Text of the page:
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Koori Active and Healthy Ageing Project

Koori Growing Old Well Study

The primary aim of a proposed longitudinal study is to find the reasons for the high dementia rates (three times non-Indigenous rates) in urban/regional Aboriginal people.

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Koori Growing Old Well Study

RESEARCH TEAM

GAIL DAYLIGHT Aboriginal Dementia Education Officer (PT)

SANDRA FORSTER Admin Officer (PT)

PUBLICATIONS

Development and initial validation of the Retrospective Indigenous Childhood Enrichment scale (RICE).

Minogue C, Delbaere K, Radford K, Broe T, Forder WS, Lah S

ABSTRACTBackground:Years of education is the most commonly used proxy measure of cognitive reserve. Other forms of cognitive stimulation in childhood may provide similar protection against cognitive decline, particularly in Indigenous groups, where education may have been lacking in quality or quantity. The Retrospective Indigenous Childhood Enrichment (RICE) scale was developed to measure non-school-based activities and environmental stimulation during childhood that are likely to have enhanced cognitive reserve. The aim of the study was to assess the validity and reliability of the RICE scale with a group of older Aboriginal Australians.

Risk factors for falls among older Aboriginal and Torres Strait Islander people in urban and regional communities.

Lukaszyk C, Radford K, Delbaere K, Ivers R, Rogers K, Sherrington C, Tiedemann A, Coombes J, Daylight G, Draper B, Broe T

To examine associations between fall risk factors identified previously in other populations and falls among Aboriginal people aged 60 years and older, living in New South Wales, Australia. Falls were experienced by one-quarter of study participants. Fall risk factors identified for older Aboriginal people appear to be similar to those identified in the general population. Understanding of fall risk factors may assist with the development of appropriate and effective community-led fall prevention programs.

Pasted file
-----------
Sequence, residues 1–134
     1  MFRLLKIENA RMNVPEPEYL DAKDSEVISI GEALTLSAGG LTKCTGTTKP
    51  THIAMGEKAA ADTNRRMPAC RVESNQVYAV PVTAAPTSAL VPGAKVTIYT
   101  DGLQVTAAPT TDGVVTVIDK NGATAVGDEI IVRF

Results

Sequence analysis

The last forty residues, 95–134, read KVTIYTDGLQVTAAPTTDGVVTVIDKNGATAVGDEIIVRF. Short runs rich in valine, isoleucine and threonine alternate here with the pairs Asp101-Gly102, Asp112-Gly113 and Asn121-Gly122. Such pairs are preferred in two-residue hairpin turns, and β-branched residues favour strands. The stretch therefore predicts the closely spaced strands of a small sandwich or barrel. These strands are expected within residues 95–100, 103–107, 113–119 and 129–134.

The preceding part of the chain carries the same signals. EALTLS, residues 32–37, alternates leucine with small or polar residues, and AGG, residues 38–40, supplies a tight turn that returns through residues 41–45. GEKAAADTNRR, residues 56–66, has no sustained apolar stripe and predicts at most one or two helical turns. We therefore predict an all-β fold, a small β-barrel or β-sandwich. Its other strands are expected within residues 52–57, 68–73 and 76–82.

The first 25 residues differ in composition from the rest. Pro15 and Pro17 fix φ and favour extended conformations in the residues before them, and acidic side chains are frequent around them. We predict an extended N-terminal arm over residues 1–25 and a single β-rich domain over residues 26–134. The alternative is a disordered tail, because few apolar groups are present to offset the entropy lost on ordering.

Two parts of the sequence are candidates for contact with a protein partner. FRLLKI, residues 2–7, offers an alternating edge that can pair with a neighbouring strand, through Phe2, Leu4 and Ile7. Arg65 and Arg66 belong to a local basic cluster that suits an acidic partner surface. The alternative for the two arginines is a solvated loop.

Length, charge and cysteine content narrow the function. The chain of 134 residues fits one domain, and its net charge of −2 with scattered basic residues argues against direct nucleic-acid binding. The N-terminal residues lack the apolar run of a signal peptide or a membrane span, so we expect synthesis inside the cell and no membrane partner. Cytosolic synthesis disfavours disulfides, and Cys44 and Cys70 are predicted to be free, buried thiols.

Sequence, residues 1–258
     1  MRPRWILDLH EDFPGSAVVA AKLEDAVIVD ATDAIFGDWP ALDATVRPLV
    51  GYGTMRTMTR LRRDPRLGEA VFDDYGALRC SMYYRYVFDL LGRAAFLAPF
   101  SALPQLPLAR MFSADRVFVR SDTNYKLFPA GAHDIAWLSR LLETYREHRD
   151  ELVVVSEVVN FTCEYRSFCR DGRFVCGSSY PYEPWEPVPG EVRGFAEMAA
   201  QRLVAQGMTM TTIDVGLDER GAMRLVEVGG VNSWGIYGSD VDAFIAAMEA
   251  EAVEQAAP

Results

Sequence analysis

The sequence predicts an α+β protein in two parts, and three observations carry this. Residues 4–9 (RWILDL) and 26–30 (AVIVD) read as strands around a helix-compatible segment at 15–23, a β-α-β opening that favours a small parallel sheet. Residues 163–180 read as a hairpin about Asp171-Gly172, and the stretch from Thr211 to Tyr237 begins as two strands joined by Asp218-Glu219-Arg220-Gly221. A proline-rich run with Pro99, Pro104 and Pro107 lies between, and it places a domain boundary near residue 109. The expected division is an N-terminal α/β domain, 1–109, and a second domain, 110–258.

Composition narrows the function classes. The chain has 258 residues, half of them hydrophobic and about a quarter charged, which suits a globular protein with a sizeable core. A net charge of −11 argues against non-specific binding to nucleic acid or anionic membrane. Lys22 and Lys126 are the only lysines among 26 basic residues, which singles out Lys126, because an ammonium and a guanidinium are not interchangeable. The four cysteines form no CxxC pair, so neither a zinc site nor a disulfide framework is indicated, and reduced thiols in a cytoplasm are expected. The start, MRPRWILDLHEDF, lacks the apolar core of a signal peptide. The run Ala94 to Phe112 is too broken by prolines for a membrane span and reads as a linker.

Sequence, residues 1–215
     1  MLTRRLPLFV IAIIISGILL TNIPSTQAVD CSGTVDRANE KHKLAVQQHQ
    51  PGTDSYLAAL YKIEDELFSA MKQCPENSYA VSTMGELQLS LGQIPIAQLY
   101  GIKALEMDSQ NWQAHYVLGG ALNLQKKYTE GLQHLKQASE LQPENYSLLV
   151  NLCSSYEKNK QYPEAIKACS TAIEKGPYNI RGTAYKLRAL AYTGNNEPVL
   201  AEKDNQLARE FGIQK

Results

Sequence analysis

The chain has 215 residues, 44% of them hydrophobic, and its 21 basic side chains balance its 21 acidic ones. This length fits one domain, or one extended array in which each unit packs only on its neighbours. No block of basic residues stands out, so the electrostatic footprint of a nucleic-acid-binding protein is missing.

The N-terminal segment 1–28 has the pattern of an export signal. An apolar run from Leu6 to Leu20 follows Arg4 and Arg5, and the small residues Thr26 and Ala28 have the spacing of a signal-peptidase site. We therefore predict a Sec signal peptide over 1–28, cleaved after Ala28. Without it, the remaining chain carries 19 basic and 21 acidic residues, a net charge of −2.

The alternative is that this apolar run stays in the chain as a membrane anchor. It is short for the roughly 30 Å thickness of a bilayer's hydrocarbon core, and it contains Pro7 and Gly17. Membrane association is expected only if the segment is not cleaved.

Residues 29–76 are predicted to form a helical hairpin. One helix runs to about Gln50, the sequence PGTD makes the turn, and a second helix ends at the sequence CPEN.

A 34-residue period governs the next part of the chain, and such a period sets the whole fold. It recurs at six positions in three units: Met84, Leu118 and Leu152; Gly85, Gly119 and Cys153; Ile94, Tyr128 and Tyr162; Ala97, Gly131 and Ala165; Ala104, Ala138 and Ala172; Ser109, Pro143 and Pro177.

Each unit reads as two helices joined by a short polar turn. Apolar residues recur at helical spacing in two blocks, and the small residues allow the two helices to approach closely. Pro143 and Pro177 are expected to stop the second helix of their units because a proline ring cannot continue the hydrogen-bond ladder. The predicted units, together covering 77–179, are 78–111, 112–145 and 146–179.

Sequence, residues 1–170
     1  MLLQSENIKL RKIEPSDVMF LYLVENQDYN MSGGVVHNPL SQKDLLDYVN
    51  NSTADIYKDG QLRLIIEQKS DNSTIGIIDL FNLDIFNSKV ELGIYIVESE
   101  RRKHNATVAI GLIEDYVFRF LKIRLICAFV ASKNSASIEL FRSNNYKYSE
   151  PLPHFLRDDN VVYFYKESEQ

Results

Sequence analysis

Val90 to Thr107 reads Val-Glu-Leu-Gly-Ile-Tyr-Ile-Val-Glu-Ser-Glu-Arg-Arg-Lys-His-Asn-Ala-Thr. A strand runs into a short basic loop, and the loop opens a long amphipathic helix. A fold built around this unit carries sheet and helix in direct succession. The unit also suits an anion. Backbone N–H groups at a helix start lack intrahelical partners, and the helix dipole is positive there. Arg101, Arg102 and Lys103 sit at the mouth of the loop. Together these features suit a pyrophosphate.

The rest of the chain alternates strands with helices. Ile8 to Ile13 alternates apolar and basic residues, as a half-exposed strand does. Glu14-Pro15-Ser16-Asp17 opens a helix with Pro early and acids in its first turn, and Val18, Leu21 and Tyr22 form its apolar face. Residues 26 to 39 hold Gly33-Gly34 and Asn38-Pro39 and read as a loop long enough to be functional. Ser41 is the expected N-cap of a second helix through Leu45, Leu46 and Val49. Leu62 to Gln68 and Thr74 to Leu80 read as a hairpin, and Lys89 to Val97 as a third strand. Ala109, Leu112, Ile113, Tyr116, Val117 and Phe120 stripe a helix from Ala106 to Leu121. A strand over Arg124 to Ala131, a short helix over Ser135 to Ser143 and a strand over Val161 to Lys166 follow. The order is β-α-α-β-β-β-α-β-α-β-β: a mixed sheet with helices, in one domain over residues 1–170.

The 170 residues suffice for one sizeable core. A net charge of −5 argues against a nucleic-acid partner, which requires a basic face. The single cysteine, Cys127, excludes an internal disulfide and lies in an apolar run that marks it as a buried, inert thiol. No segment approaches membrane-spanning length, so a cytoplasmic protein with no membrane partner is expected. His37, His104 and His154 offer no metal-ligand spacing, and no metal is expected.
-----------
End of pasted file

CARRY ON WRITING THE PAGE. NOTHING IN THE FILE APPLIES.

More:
Childhood Stress and Adversity is Associated with Late-Life Dementia in Aboriginal Australians.

Radford K, Delbaere K, Draper B, Mack HA, Daylight G, Cumming R, Chalkley S, Minogue C, Broe GA

High rates of dementia have been observed in Aboriginal Australians. This study aimed to describe childhood stress in older Aboriginal Australians and to examine associations with late-life health and dementia. Childhood stress appears to have a significant impact on emotional health and dementia for older Aboriginal Australians. The ongoing effects of childhood stress need to be recognized as people grow older, particularly in terms of dementia prevention and care, as well as in populations with greater exposure to childhood adversity, such as Aboriginal Australians.